By Eric Schweibenz and Chris Ricciuti
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May
18
On May 1, 2015, the International Trade Commission ("the Commission") issued the public version of its opinion in Certain Soft-Edged Trampolines and Components Thereof (Inv. No. 337-TA-908) affirming ALJ Pender's Final Initial Determination ("ID") of no violation of Section 337 by respondent Vuly Trampolines Pty. Ltd. ("Vuly").

By way of background, the investigation is based on a December 24, 2013 complaint filed by Springfree Trampoline, Inc., Springfree Trampoline USA Inc., and Springfree Limited Partnership (collectively, "Springfree") alleging violation of Section 337 in the importation into the U.S. and sale of certain soft-edged trampolines and components thereof that infringe certain claims of U.S. Patent No. 6,319,174 ("the '174 patent").  See our December 31, 2013 and January 27, 2014 posts for more details on the Complaint and Notice of Investigation, respectively.
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By Eric Schweibenz and Tom Yebernetsky
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May
15
On May 4, 2015, Global Cash Access, Inc. of Las Vegas, Nevada ("GCA") filed a complaint requesting that the ITC commence an investigation pursuant to Section 337.

The Complaint alleges that NRT Technology Corp. of Canada and NRT Technologies, Inc. of Las Vegas, Nevada (collectively, "NRT") unlawfully import into the U.S., sell for importation, and/or sell within the U.S. after importation certain automated teller machines ("ATMs") and point-of-sale ("POS") devices and associated software thereof, that infringe one or more claims of U.S. Patent No. 6,081,792 (the '792 patent).
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By Eric Schweibenz and Kate Cappaert
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May
14
On April 8, 2015, Chief ALJ Charles E. Bullock issued the public version of Order No. 36 (dated March 23, 2015) in Certain Laser Abraded Denim Garments (Inv. No. 337-TA-930).

By way of background, this investigation is based on an August 18, 2014 complaint filed by RevoLaze, LLC and TechnoLines, LLC (collectively, "Complainants") alleging violation of Section 337 in the importation into the U.S. and sale of certain laser abraded denim garments that infringe one or more claims of U.S. Patent Nos. 5,990,444; 6,140,602; 6,252,196; 6,664,505; 6,819,972; and 6,858,815.  See our August 19, 2014 and September 19, 2014 posts for more details on the complaint and Notice of Investigation, respectively.
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By Eric Schweibenz and Tom Yebernetsky
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May
13
On May 11, 2015, the U.S. Court of Appeals for the Federal Circuit issued a precedential opinion reversing the International Trade Commission's (the "Commission") final determination finding a violation of Section 337 in Lelo Inc., et al v. Int'l Trade Comm'n (2013-1582).  This was an appeal by Respondents Lelo Inc. and Lelo AB (collectively, "Lelo") in connection with Certain Kinesiotherapy Devices and Components Thereof (Inv. No. 337-TA-823).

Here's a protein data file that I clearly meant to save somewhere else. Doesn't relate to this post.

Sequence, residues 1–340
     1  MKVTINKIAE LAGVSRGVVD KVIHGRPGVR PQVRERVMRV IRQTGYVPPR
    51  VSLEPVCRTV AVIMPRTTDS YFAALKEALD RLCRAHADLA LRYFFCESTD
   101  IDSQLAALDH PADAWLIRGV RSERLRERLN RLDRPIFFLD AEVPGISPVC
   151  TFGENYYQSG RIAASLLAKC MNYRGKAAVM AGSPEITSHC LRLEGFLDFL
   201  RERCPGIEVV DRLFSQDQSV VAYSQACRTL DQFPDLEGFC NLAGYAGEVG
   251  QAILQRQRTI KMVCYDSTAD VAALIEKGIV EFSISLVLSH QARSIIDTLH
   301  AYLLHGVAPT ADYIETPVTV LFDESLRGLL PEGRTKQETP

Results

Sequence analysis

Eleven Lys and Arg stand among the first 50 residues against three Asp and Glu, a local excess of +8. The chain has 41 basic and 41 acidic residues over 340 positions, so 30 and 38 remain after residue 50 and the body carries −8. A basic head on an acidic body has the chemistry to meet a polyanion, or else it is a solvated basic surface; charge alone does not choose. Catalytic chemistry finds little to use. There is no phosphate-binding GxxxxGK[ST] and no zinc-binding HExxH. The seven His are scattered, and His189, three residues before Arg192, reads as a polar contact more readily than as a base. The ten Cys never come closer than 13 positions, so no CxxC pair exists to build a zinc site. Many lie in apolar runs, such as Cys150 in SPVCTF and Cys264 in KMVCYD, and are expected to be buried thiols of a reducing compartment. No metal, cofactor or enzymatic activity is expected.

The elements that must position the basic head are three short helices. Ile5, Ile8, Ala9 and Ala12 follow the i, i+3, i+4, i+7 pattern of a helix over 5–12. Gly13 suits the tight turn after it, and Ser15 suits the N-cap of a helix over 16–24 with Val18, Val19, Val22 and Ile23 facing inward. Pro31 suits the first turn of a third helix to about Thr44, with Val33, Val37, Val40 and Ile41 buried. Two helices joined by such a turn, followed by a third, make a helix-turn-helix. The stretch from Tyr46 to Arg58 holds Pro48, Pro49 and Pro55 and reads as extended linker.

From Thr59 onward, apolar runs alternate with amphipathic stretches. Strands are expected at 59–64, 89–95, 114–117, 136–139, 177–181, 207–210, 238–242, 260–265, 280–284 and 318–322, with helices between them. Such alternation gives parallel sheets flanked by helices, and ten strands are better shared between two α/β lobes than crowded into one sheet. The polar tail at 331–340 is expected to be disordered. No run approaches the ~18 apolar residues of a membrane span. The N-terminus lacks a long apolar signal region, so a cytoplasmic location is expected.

By way of background, the investigation is based on a December 2, 2011 complaint filed by Standard Innovation Corporation and Standard Innovation (US) Corp. (collectively, "Standard Innovation") alleging violation of Section 337 in the importation into the U.S. and sale of certain kinesiotherapy devices and components thereof that infringe one or more claims of U.S. Patent No. 7,931,605 (the '605 patent) and U.S. Patent No. D605,779 (the D'779 patent).  Standard Innovation withdrew the D'779 patent from the investigation.  An evidentiary hearing was held in August 2012.  On February 8, 2013, ALJ Pender issued an Initial Determination ("ID") construing the terms of the asserted claims and finding the '605 patent valid and infringed, but finding no violation of Section 337 on the grounds that Standard Innovation did not satisfy the economic prong of the domestic industry requirement.  See our February 11, 2013 post for more details.
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By Eric Schweibenz and Kate Cappaert
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May
12
On April 10, 2015, Chief ALJ Charles E. Bullock issued the public version of Order No. 78 (dated April 2, 2015) in Certain Footwear Products (Inv. No. 337-TA-936).

By way of background, this investigation is based on an October 14, 2014 complaint filed by Converse Inc. ("Converse") alleging violation of Section 337 in the importation into the U.S. and sale of certain footwear products that infringe U.S. Trademark Registration Nos. 4,398,753; 3,258,103; and 1,588,960.  Additionally, Converse alleged violation of Section 337 based upon unfair competition/false designation of origin, common law trademark infringement and unfair competition, and trademark dilution.  See our October 15, 2014 and November 14, 2014 posts for more details on the complaint and Notice of Investigation, respectively.
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